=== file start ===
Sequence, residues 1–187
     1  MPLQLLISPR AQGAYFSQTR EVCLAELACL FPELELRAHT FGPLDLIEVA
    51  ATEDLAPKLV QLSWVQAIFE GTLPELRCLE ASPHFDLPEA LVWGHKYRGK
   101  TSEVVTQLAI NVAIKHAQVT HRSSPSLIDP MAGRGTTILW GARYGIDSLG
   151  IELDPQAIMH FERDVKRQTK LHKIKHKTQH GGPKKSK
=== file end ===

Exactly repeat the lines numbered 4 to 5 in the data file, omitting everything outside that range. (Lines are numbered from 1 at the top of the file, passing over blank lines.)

   101  TSEVVTQLAI NVAIKHAQVT HRSSPSLIDP MAGRGTTILW GARYGIDSLG
   151  IELDPQAIMH FERDVKRQTK LHKIKHKTQH GGPKKSK